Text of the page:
Cold Chisel were a diverse group of individuals who came from disparate backgrounds and enjoyed a volatile existence for over a decade in which they became the greatest live act in Australian rock music. They famously broke up in 1983 only to reform again in the 90’s and issue the album The Last Wave of Summer in 1998, their first album of new material since 1984’s Twentieth Century, and their fourth consecutive #1 album.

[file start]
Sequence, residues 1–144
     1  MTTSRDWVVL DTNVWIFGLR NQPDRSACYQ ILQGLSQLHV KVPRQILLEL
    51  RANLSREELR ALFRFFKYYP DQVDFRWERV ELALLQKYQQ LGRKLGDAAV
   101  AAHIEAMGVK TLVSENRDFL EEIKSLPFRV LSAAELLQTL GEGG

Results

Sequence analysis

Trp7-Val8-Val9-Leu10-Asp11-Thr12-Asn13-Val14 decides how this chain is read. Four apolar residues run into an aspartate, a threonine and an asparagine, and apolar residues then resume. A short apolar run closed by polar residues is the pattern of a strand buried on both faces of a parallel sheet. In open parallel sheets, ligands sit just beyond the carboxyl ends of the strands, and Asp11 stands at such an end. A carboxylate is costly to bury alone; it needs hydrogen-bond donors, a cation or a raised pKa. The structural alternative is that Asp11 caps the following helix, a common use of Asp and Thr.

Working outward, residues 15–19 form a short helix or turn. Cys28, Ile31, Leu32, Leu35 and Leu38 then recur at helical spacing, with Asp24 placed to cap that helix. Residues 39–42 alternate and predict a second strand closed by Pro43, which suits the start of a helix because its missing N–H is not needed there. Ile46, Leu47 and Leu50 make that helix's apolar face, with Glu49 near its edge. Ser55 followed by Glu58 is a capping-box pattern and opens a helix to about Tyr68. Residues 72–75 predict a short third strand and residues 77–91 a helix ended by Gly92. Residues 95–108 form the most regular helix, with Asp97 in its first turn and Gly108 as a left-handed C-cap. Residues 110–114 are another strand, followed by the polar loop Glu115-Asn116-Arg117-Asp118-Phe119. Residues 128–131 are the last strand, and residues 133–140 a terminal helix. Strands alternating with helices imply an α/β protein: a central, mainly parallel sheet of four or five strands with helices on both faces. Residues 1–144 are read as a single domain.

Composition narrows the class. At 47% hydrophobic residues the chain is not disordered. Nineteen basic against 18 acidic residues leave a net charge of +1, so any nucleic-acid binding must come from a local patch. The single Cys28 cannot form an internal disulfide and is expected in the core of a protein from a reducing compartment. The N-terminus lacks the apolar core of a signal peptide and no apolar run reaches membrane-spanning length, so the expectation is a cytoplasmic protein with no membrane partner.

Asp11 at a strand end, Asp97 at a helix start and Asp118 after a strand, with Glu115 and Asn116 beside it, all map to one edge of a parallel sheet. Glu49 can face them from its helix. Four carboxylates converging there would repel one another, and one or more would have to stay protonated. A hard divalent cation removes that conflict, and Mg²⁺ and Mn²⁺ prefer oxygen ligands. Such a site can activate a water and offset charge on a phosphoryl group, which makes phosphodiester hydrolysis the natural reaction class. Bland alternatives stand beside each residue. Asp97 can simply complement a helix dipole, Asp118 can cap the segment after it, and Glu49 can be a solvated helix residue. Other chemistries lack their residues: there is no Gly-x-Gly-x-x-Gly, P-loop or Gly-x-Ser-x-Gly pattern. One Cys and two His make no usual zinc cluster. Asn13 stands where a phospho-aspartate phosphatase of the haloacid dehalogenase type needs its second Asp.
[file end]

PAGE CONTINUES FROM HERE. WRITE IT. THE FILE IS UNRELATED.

Don Walker (below), the introspective academic, composer and keyboard player was raised in rural Queensland and inspired by the music of Ray Manzarek (Doors), Steve Winwood (Spencer Davis Group), Brian Auger (Trinity) and Richard Manuel, and insisted on completing a post-graduate degree in Quantum Mechanics at Armidale University (NSW) before committing to the band full-time. His bandmates joined him there and gigged in one horse towns until he finished his course, group solidarity was founded on an appreciation of the special talent that their keyboard player brought to the band, but this apparent unity would be sorely tested in 1975-76 by Jimmy Barnes, who would leave the group several times.Ian Moss (below) was a Territorian from Alice Springs who moved to Adelaide in 1972 and met Don Walker there, he was a high school dropout and budding guitar hero, with great natural ability and a fantastic work ethic, he heard the music of Jimi Hendrix, Jeff Beck, Richie Blackmore, and Jimmy Page and saw his future in a rock and roll band.Steve Prestwich (below) and his family emigrated from Liverpool (UK) to Adelaide in 1972, his father was a drummer with the Victors, a local beat group who had played at the legendary Cavern Club. Young Steve was regarded as a drumming prodigy with a bright future, the Beatles, Led Zeppelin, Deep Purple and Jethro Tull were his musical heroes, he was reluctant to emigrate, but when told of the vibrant local music scene in Australia, was ultimately persuaded to do so.James Dixon Swan (below) was born in the infamous Gorbals district of Glasgow in 1956, his parents and their six children emigrated to Adelaide in 1961 and settled in the satellite suburb of Elizabeth. His parents divorced, and young James went to live with his stepfather Reg Barnes, he and all his siblings, except his older brother John, took Reg’s surname. Jim Barnes took his musical cues from Paul Rodgers (Free), Led Zeppelin, Bad Company, and his older brother John, who was also a musician, and would feature directly and indirectly in the career path of his younger brother and consequently the early history of Cold Chisel. Jim was balancing the demands of a railway apprenticeship and a lifestyle of experimenting with acid and increasing alcohol consumption, not surprisingly he opted for the rock and roll life.